Saturday, September 03, 2016
Last night we were training hard, like we do every class. It was a little different, though, since some of the students are busy preparing for instructor testing at this year's ITA, the Instructor Training Academy for Kali Majapahit in Singapore later this month. Two of my students are testing for Kasama, assistant instructor, and one of my students is testing for Kadua Guro, full instructor, the first time since I started our Japan branch in 2011. I am very proud of them for their hard work and dedication.
They want to do their best, so we are carefully reviewing all the various material, and there is a lot. To test in Kali Majapahit as a Kasama or Kadua you must have a wide range of skills including single/double stick, several styles of empty hands self-defense, boxing and kickboxing, edged weapons, and a lot more. Then, they asked for more cardio at the end.
We train hard and like to get a good sweat going, but they also know that ITA is no joke. It's several long days on the mats, and testing is even harder. When you are testing, there is usually no break during the seminar even for lunch, and you have to run to get water if you get any chance at all. When everyone else rests, you MOVE...and KEEP MOVING. These are the hardest tests I've ever taken. Pacing is very important since some sections may go on for several hours without a break.
My students want to be in the best shape they can be in, and that's good.
At the same time, cardio alone will not get you there, and if we are strong we can be fooled into thinking that using our physicality is the best way to fight. We burn it up during the boxing and kickboxing, hitting the pads as hard as we can every single time. By the afternoon of Day 1, the tank is already empty and the rest of Day 1 and Day 2 are inconsistent and incrementally more difficult. We forget that "How we train is how we fight" and that we always need to have some energy left at the end to walk away.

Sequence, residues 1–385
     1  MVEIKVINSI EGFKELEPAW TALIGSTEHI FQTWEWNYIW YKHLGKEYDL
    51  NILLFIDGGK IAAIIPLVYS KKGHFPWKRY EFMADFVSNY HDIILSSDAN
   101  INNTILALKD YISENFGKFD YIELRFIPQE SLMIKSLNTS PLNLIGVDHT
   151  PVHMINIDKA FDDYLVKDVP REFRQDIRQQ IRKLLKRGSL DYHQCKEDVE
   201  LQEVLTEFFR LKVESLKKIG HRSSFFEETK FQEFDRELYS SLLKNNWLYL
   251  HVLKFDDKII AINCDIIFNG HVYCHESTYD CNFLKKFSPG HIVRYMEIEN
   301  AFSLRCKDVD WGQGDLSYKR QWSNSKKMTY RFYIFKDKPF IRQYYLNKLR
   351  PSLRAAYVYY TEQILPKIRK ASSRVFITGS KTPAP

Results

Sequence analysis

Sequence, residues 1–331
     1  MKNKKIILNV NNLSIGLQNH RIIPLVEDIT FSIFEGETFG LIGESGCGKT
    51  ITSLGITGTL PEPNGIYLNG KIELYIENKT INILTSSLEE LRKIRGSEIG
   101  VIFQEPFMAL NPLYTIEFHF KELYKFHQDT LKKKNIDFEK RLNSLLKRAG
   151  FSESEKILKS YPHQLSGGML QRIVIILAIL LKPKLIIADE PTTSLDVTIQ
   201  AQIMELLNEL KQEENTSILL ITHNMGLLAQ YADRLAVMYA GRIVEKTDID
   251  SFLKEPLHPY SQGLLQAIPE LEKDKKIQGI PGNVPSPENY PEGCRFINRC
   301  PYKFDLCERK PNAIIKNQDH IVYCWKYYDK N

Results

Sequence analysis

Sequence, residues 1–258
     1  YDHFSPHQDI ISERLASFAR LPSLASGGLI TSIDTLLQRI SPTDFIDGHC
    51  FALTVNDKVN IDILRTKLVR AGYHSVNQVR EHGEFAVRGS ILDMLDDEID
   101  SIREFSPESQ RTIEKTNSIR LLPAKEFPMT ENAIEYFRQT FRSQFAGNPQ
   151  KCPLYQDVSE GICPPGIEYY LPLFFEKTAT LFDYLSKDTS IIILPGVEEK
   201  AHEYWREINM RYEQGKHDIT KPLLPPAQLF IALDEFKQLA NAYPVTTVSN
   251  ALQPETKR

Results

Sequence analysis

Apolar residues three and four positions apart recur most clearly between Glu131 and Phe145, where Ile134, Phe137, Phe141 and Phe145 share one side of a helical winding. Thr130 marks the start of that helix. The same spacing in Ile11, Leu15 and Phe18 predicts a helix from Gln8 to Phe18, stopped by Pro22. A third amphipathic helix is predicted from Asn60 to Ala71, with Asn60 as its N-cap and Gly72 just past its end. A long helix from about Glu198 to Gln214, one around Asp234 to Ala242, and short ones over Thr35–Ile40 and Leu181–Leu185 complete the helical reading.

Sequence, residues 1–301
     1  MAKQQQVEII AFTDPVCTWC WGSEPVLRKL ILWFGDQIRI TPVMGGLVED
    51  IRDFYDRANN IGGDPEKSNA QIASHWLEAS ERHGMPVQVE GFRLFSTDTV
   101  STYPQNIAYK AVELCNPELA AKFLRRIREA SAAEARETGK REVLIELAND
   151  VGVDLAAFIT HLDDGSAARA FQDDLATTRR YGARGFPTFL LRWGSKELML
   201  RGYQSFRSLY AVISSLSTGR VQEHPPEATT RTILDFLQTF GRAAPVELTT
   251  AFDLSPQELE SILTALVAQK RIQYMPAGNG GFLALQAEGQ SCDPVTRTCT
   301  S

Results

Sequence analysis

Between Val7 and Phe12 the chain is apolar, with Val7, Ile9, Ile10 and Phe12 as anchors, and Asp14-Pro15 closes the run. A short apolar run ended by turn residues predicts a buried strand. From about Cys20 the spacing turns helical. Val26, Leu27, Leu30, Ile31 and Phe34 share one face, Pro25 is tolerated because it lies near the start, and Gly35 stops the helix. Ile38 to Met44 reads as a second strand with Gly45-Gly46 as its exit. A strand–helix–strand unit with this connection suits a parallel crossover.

Many students and even instructors forget that a key to martial arts is EFFICIENCY. The best fighters always do more with less. They have strong bodies, but still look for the easiest, most direct way to accomplish their goals.
FMA are particularly famous for being "lazy" in that we train to go around opposing force and avoid direct strength on strength whenever we can. We use guntings to disable and weaken our opponents, we rely on superior footwork to gain a good strategic position and deliver maximum force when we hit. We use weapons where we can in order to multiply our impact force or use edged weapons which require less effort to employ. Deliberately, we attack the enemy's structure to remove their power base and strength and make them easier to defeat. We fight dirty because fighting dirty is much more efficient. In Kali Majapahit, we know that we will often be in bad odds during a confrontation, so we skew in our favor by being brutally efficient in how we apply force.
This is in direct contrast to many other fighting systems such as Kyokushin, boxing, Muay Thai, for example, which rely on having a stronger, more athletic physique than the opponent.
In fighting, just like in life, knowing when/where/how to get the most return on your effort is the key to sustainability. Especially as we grow older, just relying on physical strength will no longer be enough. It is far far better to focus on developing clean, efficient body mechanics so that the strength needed is minimized and every calorie spent earns the maximum result.
Focus on body mechanics and efficiency rather than just speed and power and your skills will improve much faster.
Make every single movement count.